Sometime after the Old Man quit, the same Conservatives decided to get involved in the talks formally.  They never explained why they changed position, but the cabinet ministers who on Friday were loving up the European trade deal had some other crackpot notions four years ago.

Second, fisheries wasn’t a big winner of an issue for the Premier herself so it is a bit hard to understand why she is loving up the fish provisions.

That brings us to a set of lovely contradictions between what Kathy told the Telegram and what actually. 

Quiet diplomacy is Kathy’s way.  Well, that would be except back in May when she very deliberately started negotiating in public over fisheries processing.

What’s more, there was a fairly obvious contradiction between what Kathy said was official policy and what the fisheries minister said the policy was.  The fish minister was right.  Kathy shifted her position.

At best, Dunderdale looked like she took a huge gamble in public on something that she wasn’t getting in cabinet and lost.  At worst, she appeared to be out of touch and maybe even out of control of the process.  That’s actually the way she looked on Friday, incidentally:  out of touch and trying to make herself relevant.

So, anyway,  claiming a victory for her negotiation style just doesn’t fit with the evidence.

Then there’s the problem with time. That public dust-up over processing was in May, 2013.  Now Dunderdale is claiming something like that happened two months later.  Here’s a bit from the Telly fluff:

“In July, a great lobby was started across the country to try and pressure Newfoundland and Labrador to accept what had been put forward under CETA, and we refused to do it.”

As it looks, Dunderdale was confused about timing.

Or maybe there was yet another racket inside cabinet about European trade in July.  That would make July one very bad month for Kathy.  Not only was she losing to her colleagues over European trade, but in another corner – if you accept the Uncle Gnarley account -  she was backing Nalcor in their effort to keep financial information on Muskrat Falls from finance department officials.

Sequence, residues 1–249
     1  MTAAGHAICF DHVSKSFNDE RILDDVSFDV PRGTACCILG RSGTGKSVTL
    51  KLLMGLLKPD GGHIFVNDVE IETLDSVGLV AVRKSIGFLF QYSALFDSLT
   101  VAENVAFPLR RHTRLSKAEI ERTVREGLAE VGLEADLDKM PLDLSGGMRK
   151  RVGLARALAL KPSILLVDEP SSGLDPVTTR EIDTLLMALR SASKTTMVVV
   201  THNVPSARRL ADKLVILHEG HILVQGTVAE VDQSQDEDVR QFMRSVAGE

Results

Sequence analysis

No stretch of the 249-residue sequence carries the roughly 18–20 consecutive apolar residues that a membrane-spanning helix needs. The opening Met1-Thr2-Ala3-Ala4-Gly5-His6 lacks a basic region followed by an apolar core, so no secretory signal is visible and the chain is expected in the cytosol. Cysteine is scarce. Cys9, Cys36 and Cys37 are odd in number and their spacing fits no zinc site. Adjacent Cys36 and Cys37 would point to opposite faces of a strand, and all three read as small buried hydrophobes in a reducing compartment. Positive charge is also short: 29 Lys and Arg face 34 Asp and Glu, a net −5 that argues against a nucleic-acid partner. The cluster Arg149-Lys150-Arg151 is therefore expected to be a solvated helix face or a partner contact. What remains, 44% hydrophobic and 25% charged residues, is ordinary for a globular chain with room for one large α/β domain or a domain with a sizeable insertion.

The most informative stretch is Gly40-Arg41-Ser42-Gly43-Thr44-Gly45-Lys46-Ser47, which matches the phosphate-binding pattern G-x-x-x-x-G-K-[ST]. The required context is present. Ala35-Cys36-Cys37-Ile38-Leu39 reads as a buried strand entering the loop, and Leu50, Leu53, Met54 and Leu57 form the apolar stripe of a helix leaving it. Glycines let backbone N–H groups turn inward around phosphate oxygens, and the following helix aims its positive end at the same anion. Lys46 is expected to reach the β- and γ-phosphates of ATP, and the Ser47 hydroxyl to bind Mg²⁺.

If all those inconsistencies weren’t enough, there’s the loan guarantee.  In the Saturday Telegram, Dunderdale claims she was twice prepared to walk away from the loan guarantee agreement to get a better CETA deal on fish.

So when was that exactly?  As everyone knows, the provincial government finished the loan guarantee deal in 2012, way before the public dust-up on processing in May that now the Premier says was in July.

If it was anybody but Kathy Dunderdale,  we’d be worried because the Premier said one thing while the truth was obviously something else. Even without the Gnarley saga,  Kathy’s claims about Jerome Kennedy’s resignation just weren’t true.  The trade deal and the Brazil trip were more of the same.

But the one kernel of truth in Kathy Dunderdale’s Brazil trip, the one hard bit of news is unmistakeable even if Voice of the Cabinet Minister missed it:  the Long Harbour smelter won’t be running for another two years.  There’s no explanation of the delay and no indication of what penalties, if any, the company has to pay for delaying production yet again.